provider "azurerm" {
  features {}
  subscription_id = "<Your-Subscription Id>"
  tenant_id       = "<Your-Tenant-Id>"
  client_id       = "<Your-Client-Id>"
  client_secret   = "<Your-Client-Secret>"


Save and close the file after you finish. You can then proceed to the next step.

Define the Azure Resource Group

Next, create a Terraform main configuration file and create a new resource group to define your region:


Add the following configurations to define your region:

					resource   "azurerm_resource_group"   "rg"   { 
   name   =   "my-first-terraform-rg" 
   location   =   "northeurope" 

Create Network Security Group and Rule

Next, create a new resource group to allow incoming SSH traffic on Linux VM:

					resource "azurerm_network_security_group" "myterraformnsg" {
    name                = "myNetworkSecurityGroup"
    location            = "eastus"
    resource_group_name =

    security_rule {
        name                       = "SSH"
        priority                   = 1001
        direction                  = "Inbound"
        access                     = "Allow"
        protocol                   = "Tcp"
        source_port_range          = "*"
        destination_port_range     = "22"
        source_address_prefix      = "*"
        destination_address_prefix = "*"

    tags = {
        environment = "Terraform Demo"


Define a Virtual Network and Subnet

Next, create a resource group to define a virtual network and address:

					resource   "azurerm_virtual_network"   "myvnet"   {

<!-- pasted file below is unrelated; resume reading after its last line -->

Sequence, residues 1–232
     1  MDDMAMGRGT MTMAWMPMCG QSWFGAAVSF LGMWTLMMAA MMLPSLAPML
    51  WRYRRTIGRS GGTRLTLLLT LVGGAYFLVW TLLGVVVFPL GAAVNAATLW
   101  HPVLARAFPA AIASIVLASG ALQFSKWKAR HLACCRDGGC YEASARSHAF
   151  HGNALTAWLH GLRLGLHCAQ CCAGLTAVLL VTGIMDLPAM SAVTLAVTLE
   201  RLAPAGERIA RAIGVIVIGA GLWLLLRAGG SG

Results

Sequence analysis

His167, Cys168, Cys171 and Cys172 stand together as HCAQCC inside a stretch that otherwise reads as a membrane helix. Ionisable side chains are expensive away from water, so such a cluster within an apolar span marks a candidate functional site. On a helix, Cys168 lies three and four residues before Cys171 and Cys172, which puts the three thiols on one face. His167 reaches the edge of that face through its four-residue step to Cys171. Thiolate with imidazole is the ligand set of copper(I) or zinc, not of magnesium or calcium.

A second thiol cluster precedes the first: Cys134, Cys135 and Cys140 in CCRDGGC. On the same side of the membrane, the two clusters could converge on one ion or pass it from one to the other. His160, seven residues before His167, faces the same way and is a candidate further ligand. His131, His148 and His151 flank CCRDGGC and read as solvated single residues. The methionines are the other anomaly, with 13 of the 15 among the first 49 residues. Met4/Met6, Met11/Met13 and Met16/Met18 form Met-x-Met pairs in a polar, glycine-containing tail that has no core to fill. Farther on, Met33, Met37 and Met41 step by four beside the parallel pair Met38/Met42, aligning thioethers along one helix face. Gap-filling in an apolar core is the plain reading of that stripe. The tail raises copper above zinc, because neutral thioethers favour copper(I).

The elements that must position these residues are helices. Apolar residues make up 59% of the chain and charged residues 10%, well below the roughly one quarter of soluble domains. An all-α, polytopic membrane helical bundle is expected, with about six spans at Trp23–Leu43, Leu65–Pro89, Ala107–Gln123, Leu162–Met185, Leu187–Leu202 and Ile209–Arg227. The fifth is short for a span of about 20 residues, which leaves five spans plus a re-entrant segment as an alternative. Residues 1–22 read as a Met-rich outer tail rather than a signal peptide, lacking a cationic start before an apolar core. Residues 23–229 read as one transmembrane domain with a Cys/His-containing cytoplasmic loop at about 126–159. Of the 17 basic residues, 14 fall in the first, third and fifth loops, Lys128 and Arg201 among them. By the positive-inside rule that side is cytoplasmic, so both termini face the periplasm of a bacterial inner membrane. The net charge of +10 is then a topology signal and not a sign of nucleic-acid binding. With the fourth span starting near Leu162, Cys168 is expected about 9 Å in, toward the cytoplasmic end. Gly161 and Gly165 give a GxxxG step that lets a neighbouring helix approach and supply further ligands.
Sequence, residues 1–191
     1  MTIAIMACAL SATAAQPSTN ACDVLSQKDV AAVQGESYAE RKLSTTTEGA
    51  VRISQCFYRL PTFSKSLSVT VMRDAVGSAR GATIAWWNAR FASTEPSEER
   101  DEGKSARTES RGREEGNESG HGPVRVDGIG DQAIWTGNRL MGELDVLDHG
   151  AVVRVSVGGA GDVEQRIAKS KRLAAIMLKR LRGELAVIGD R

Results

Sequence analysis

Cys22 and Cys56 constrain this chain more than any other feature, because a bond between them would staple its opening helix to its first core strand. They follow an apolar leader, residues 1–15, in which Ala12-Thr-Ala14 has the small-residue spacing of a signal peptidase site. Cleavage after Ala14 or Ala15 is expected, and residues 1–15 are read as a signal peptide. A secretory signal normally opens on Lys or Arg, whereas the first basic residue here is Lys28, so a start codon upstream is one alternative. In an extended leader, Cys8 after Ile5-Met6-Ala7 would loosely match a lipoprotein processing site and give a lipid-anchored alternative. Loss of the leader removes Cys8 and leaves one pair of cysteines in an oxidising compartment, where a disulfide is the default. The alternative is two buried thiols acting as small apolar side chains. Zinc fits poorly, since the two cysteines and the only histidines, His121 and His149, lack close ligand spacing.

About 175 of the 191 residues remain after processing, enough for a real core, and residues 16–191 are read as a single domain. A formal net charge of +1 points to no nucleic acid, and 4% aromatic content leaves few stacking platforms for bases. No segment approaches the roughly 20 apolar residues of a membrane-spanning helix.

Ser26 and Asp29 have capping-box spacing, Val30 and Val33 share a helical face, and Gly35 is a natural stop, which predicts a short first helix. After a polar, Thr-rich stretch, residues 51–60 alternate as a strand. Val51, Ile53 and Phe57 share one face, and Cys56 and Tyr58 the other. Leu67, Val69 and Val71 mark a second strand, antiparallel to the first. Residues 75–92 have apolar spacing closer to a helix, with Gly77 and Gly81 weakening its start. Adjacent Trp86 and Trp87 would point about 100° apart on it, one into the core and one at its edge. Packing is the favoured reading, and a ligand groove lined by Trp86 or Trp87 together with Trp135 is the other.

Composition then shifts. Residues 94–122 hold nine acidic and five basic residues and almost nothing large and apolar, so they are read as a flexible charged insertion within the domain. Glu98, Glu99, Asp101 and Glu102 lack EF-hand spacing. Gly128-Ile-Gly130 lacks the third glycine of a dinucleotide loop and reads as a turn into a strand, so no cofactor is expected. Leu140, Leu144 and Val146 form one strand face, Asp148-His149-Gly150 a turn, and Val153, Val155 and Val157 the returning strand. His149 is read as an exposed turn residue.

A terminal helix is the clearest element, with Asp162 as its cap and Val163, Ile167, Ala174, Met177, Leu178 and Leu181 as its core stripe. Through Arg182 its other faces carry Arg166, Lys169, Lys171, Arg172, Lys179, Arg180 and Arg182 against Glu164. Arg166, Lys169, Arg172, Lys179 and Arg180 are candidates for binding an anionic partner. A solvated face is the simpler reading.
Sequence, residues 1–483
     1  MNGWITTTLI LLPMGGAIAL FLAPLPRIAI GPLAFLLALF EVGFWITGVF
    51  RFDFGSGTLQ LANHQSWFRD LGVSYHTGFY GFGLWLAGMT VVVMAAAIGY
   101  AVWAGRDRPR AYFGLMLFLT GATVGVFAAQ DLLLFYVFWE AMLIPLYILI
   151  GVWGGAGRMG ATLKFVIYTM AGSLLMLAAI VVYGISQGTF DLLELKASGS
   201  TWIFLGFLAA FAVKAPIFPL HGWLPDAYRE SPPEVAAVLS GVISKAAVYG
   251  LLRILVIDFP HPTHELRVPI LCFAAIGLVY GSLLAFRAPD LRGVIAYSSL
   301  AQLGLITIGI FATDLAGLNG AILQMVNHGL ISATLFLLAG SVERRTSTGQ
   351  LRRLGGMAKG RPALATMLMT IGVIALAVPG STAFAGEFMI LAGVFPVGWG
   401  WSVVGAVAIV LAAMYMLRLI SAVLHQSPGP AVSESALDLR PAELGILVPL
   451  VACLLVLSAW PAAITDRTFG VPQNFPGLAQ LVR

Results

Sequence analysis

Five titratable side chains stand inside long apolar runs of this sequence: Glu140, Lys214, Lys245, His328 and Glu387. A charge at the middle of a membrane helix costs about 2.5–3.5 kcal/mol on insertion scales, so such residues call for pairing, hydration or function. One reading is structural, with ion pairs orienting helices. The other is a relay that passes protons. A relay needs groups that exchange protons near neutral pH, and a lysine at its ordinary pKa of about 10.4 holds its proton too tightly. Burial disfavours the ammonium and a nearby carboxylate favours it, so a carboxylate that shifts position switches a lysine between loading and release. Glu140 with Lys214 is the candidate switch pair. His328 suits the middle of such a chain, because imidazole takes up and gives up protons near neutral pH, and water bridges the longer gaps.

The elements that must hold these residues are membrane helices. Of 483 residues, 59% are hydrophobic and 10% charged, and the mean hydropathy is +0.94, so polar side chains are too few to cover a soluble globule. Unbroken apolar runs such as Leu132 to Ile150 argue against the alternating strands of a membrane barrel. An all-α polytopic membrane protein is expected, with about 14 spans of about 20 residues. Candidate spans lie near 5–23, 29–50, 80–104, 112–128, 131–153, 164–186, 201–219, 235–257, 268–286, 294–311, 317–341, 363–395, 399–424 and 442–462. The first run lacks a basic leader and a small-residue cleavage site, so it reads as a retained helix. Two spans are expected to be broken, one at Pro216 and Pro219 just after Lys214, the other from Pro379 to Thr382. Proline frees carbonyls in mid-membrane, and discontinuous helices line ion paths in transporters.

name   =   "my-vnet" 
   address_space   =   [ "" ] 
   location   =   "northeurope" 
   resource_group_name   = 

 resource   "azurerm_subnet"   "frontendsubnet"   { 
   name   =   "frontendSubnet" 
   resource_group_name   = 
   virtual_network_name   = 
   address_prefix   =   "" 


Define a New Public IP Address

Next, create a resource group to define VM public IP:

					resource   "azurerm_public_ip"   "azurevm1publicip"   { 
   name   =   "pip1" 
   location   =   "northeurope" 
   resource_group_name   = 
   allocation_method   =   "Dynamic" 
   sku   =   "Basic" 

Define a Network Interface For VM

Next, create a resource group to define a network interface:

					resource   "azurerm_network_interface"   "azurevm1nic"   { 
   name   =   "azurevm1-nic" 
   location   =   "northeurope" 
   resource_group_name   = 

   ip_configuration   { 
     name   =   "ipconfig1" 
     subnet_id   = 
     private_ip_address_allocation   =   "Dynamic" 
     public_ip_address_id   =   azurerm_public_ip.myvm 1 


Define the Virtual Machine

Next, create a resource group to define the Virtual machine image, admin user and password:

					resource   "azurerm_linux_virtual_machine"   "myterraformvm"   {